DEFENCE giant BAE Systems has hailed a landmark moment for the first in a fleet of eight new warships built on the Clyde. 

HMS The first Type 26 City Class frigate, HMS Glasgow, has begun the "float-off" process, which will see the vessel enter the water for the first time.

Over the coming days, the ship, weighing nearly 6,000 tonnes, will undertake a series of complex manoeuvres to move her from BAE Systems' Govan shipyard onto a barge before being towed down the Clyde to a deep-water location in the west of Scotland.

Once in position, the float-off will involve the base of the barge being slowly submerged over a number of hours until HMS Glasgow fully enters the water.

The ship will then return to BAE Systems’ Scotstoun shipyard further along the Clyde, where it will undergo the next stages of outfit before test and commissioning.

David Shepherd, Type 26 programme director, BAE Systems, said: “Seeing HMS Glasgow in the water for the first time will be a proud and exciting moment for the thousands of people involved in this great endeavour.”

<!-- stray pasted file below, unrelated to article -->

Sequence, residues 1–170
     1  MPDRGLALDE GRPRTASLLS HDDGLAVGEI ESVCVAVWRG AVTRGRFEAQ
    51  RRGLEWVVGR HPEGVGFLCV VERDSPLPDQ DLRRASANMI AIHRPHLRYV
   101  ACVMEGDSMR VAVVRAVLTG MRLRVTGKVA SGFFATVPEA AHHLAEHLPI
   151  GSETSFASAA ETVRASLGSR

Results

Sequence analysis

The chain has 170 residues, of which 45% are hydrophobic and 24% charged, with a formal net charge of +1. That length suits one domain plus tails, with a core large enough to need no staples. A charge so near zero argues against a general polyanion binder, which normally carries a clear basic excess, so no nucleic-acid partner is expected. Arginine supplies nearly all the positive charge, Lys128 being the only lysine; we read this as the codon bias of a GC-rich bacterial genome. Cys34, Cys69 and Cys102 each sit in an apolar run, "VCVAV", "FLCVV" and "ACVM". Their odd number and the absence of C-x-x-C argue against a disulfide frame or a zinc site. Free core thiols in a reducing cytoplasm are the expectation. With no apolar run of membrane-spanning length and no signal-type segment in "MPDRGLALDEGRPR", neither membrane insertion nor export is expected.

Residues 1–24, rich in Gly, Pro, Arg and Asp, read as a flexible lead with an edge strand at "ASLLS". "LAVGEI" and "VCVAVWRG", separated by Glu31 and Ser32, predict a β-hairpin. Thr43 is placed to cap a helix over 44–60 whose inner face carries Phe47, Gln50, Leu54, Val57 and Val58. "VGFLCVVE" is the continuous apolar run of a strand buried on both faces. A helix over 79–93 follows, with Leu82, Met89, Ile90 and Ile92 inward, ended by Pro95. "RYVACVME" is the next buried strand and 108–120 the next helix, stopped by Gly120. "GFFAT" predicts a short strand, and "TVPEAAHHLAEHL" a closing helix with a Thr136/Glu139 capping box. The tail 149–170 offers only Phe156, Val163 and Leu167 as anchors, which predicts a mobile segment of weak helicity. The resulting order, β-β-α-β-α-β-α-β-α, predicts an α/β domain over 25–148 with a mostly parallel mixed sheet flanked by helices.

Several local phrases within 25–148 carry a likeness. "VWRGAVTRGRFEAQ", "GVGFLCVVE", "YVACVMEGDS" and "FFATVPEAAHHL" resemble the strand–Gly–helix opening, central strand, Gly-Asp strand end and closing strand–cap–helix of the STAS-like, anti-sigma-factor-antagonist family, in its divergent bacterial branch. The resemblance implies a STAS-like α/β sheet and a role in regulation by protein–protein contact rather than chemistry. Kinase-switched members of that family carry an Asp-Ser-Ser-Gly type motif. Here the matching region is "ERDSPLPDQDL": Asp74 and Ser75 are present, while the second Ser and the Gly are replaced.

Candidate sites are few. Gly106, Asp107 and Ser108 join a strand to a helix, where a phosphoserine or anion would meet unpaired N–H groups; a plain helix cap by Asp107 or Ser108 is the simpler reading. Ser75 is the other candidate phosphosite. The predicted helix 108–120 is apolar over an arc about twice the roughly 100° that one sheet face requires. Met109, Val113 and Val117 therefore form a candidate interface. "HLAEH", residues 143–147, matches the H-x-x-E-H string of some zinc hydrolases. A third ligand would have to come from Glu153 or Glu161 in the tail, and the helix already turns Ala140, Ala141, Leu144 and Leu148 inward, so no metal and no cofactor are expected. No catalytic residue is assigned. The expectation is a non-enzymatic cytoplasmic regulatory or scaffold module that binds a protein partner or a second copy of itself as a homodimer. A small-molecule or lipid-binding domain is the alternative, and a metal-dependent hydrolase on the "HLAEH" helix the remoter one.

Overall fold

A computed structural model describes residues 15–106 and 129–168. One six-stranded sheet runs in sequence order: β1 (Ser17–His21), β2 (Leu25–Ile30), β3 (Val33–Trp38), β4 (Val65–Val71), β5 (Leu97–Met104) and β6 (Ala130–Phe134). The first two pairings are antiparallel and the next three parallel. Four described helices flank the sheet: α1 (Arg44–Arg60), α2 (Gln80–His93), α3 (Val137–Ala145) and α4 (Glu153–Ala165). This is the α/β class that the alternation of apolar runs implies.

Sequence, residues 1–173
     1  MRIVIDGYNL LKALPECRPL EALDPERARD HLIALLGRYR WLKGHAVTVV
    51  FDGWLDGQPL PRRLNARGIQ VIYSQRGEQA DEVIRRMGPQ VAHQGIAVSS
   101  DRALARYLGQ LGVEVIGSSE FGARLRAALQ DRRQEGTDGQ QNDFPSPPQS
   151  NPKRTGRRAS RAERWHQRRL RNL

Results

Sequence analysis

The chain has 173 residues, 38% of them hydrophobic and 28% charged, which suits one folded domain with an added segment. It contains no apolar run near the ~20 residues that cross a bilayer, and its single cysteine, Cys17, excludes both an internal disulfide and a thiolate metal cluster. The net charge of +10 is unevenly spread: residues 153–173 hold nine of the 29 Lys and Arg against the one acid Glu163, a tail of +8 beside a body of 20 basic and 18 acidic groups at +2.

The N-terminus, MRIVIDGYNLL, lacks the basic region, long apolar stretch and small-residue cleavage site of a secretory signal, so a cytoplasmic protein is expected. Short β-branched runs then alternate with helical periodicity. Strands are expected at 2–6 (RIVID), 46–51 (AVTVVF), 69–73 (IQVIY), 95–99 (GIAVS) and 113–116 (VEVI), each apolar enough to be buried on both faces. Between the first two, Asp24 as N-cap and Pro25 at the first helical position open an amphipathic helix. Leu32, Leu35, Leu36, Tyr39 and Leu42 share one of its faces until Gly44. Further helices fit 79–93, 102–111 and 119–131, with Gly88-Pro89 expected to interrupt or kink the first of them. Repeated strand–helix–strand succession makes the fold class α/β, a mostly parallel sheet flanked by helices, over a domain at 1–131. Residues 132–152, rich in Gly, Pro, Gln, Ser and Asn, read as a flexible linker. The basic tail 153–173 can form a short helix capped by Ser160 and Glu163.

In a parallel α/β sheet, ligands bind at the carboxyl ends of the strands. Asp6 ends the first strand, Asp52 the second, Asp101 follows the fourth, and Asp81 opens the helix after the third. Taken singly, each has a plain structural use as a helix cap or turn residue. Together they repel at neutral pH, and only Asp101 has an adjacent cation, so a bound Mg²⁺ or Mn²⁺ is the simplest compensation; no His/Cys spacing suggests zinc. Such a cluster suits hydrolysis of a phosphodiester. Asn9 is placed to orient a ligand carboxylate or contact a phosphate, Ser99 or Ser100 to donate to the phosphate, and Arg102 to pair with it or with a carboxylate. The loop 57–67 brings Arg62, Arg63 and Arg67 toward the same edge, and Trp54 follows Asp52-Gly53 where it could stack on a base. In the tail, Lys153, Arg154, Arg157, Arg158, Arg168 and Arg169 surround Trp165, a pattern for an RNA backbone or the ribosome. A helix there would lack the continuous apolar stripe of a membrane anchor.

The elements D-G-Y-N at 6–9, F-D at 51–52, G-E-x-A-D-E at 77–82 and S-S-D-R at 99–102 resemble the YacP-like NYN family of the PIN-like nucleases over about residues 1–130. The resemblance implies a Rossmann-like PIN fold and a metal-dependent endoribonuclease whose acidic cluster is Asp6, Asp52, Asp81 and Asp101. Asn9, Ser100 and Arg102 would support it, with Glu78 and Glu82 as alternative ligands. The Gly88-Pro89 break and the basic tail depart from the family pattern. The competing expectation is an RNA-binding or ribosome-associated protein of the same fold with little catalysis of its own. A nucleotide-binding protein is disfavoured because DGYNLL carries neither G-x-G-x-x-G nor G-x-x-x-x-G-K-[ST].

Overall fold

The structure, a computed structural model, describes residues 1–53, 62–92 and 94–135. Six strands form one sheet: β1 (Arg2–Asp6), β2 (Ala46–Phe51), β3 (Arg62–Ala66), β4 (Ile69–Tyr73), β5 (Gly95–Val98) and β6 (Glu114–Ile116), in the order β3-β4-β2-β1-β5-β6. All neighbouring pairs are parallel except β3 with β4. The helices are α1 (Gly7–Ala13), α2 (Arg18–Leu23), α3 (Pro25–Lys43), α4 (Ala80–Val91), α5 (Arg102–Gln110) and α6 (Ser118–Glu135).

The BAE Systems engineers involved in the float off of HMS Glasgow have been specially trained using the 3D visualisation suite which gives engineers access to a full digital twin of the ship.

They will monitor the ship closely throughout all stages of the process ensuring that the transition is safely managed.

The float-off process will also be supported by engineers from Defence Equipment & Support, the MOD delivery agent, as well as members of the Royal Navy.

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The process is a "more modern, efficient and low-risk" way for a ship to enter the water compared to the previous dynamic launches.

The process is well proven, having been used for the five Offshore Patrol Vessels built by BAE Systems in Glasgow, the last of which was delivered to the Royal Navy in 2020.

HMS Glasgow has been under construction since steel was cut in 2017. The second and third ships, HMS Cardiff and HMS Belfast, are currently in build in Govan.

The Ministry of Defence awarded BAE Systems a £4.2 billion contract to build a further five Type 26 City Class frigates for the Royal Navy, sustaining 1,400 jobs across BAE Systems and the wider Glasgow supply chain.

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